Wednesday, April 15, 2015

Chriostai notes for the Third Week of Easter

Followup Meditations from Last week:

1. How do we say Yes to God's call in our daily lives? How do we open our spiritual eyes to see the opportunities that God brings us?

2. When people are in doubt or even get to disbelief, how can we continue to be witnesses to the Gospel?

First Reading
Acts 3:13-15, 17-19

13 The God of Abraham, the God of Isaac, and the God of Jacob, the God of our fathers, glorified his servant[b] Jesus, whom you delivered over and denied in the presence of Pilate, when he had decided to release him. 14 But you denied the Holy and Righteous One, and asked for a murderer to be granted to you,15 and you killed the Author of life, whom God raised from the dead. To this we are witnesses.             17 “And now, brothers, I know that you acted in ignorance, as did also your rulers. 18 But what God foretold by the mouth of all the prophets, that his Christ would suffer, he thus fulfilled. 19 Repent therefore, and turn back, that your sins may be blotted out,

1. In the history of the Church can there have been human decisions that were made in ignorance? The present day Church has apologized for some decisions. What can we learn from this?

2. Is the point of this reading to lay blame for the suffering servant’s death, or to tell us that sin can be erased and the offenders can be raised to new life by the same power that raised Jesus to life?

3. What do John’s message in the second reading, and this message of Peter’s have in common? How are they different? 

4. Why would these messages be perceived as being “hopeful”?

Second Reading

1 John 2:1-5a

My little children, I am writing these things to you so that you may not sin. But if anyone does sin, we have an advocate with the Father, Jesus Christ the righteous. He is the propitiation for our sins, and not for ours only but also for the sins of the whole world. And by this we know that we have come to know him, if we keep his commandments. Whoever says “I know him” but does not keep his commandments is a liar, and the truth is not in him, but whoever keeps his word, in him truly the love of God is perfected. By this we may know that we are in him:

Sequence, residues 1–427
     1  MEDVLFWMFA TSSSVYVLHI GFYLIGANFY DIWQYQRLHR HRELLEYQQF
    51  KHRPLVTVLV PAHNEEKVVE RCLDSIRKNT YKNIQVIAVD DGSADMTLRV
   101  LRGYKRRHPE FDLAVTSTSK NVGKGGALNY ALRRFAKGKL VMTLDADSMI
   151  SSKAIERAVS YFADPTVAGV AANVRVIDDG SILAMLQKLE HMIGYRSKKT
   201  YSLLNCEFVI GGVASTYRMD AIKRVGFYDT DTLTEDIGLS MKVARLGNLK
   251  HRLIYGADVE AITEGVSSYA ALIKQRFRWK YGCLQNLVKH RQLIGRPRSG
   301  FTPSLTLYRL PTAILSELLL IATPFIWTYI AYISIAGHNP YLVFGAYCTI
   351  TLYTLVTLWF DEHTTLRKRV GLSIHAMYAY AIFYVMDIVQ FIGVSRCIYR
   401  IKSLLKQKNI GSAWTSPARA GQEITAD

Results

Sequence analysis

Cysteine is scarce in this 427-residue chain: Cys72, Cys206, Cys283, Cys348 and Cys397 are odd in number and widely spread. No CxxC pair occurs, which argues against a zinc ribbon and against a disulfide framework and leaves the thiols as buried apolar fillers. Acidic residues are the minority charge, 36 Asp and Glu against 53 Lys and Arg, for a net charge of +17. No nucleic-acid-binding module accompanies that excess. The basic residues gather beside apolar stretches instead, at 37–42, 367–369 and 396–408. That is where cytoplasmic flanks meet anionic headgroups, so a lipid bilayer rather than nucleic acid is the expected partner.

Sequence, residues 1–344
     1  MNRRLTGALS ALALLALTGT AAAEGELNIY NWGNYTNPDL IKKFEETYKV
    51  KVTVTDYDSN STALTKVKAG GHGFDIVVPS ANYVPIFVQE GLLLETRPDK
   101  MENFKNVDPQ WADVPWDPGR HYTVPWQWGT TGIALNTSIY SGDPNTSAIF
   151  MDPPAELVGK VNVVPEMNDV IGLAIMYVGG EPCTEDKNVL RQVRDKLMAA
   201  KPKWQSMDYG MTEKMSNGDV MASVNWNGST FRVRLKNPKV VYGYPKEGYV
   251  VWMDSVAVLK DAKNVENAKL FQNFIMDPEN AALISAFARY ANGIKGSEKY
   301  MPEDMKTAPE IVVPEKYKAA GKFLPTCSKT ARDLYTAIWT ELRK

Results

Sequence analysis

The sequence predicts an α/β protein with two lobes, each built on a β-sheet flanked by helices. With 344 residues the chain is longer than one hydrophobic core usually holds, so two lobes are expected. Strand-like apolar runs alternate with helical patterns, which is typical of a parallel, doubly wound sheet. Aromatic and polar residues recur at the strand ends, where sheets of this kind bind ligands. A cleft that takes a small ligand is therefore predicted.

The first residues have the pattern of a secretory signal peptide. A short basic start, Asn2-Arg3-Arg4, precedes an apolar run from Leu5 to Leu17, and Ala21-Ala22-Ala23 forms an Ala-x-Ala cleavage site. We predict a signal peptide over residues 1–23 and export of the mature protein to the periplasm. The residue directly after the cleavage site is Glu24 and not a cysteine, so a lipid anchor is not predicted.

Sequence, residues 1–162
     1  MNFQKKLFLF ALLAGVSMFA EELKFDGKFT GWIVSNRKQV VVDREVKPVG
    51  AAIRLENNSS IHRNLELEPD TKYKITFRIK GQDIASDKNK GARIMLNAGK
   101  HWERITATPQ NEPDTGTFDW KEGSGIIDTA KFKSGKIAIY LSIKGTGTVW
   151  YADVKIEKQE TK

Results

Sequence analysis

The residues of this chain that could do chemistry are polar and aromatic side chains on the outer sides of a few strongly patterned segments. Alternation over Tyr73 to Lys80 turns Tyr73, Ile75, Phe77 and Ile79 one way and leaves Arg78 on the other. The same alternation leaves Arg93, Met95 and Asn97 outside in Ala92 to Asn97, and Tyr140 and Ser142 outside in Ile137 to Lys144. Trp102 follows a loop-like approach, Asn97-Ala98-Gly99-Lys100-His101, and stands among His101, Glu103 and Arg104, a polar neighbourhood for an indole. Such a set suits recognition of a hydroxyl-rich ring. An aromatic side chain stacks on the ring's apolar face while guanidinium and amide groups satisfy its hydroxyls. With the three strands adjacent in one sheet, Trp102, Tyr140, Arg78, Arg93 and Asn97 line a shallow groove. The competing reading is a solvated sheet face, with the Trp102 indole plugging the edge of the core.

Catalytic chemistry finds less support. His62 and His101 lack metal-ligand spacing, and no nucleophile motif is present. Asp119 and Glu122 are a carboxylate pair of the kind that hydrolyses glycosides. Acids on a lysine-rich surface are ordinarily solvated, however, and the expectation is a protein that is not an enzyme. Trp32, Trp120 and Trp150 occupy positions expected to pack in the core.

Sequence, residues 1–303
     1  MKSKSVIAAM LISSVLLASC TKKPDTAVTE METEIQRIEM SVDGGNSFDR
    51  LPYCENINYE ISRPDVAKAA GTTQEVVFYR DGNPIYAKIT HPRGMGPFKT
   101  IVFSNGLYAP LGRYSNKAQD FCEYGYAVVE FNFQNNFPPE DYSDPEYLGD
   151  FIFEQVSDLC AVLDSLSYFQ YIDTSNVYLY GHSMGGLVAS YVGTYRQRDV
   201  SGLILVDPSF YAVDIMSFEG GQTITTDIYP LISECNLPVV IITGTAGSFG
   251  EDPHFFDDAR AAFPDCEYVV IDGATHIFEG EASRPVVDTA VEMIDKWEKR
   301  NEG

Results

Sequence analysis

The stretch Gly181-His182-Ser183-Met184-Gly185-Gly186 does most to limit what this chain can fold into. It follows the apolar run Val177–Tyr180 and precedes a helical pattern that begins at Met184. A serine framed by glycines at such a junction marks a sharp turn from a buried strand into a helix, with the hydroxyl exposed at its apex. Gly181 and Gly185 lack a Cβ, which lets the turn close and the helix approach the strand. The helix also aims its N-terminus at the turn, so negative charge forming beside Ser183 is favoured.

1. John says in this reading that “(Christ) is expiation for our sins, and not for our sins only but for those of the whole world.” And Luke’s gospel (Gospel), “ … that repentance, forgiveness of sins, would be preached in (Christ’s) name to all the nations.” From these statements would you guess that Christ came to save forty-four thousand people? Most people? All people?

2. Discuss Pope Francis statement regarding today’s Second Reading from St. John’s letter:
The Lord has redeemed all of us, all of us, with the Blood of Christ: all of us, not just Catholics. Everyone! ‘Father, the atheists?’ Even the atheists.
Homily at Mass, May 22, 2013

3. Illustrate the role of an “advocate.” 

4. Define “expiation.”

35 Then they told what had happened on the road, and how he was known to them in the breaking of the bread. 36 As they were talking about these things, Jesus himself stood among them, and said to them, “Peace to you!” 37 But they were startled and frightened and thought they saw a spirit. 38 And he said to them, “Why are you troubled, and why do doubts arise in your hearts? 39 See my hands and my feet, that it is I myself. Touch me, and see. For a spirit does not have flesh and bones as you see that I have.” 40 And when he had said this, he showed them his hands and his feet. 41 And while they still disbelieved for joy and were marveling, he said to them, “Have you anything here to eat?” 42 They gave him a piece of broiled fish,[b] 43 and he took it and ate before them. 44 Then he said to them, “These are my words that I spoke to you while I was still with you, that everything written about me in the Law of Moses and the Prophets and the Psalms must be fulfilled.” 45 Then he opened their minds to understand the Scriptures, 46 and said to them, “Thus it is written, that the Christ should suffer and on the third day rise from the dead, 47 and that repentance and[c] forgiveness of sins should be proclaimed in his name to all nations, beginning from Jerusalem. 48 You are witnesses of these things.

1. He appeared in their midst. But why did Jesus say, “Peace be with you” to his disciples? What was the emotional atmosphere in the group at that time? Are there times in your life when you are distraught and you need some peace? Does it help you that Jesus has experienced trials like yours? Did God take our flesh because he needed to do so, or because it was us who needed him to?

2. What was the disciples’ task, having recognized the risen Lord, and seeing that he “opened their minds to understand the scripture”? Is our task now to preach the good news of God’s forgiveness to all nations? How can we do that globally? What about locally or in our neighbor-hoods?

3. Why was (is) it important to know that Jesus’ body was real? 

4. How can this passage affect your view of the Old Testament? 

5. Give an example of a mind not opened to these things. 

6. What makes being a “witness to these things” most difficult for you?

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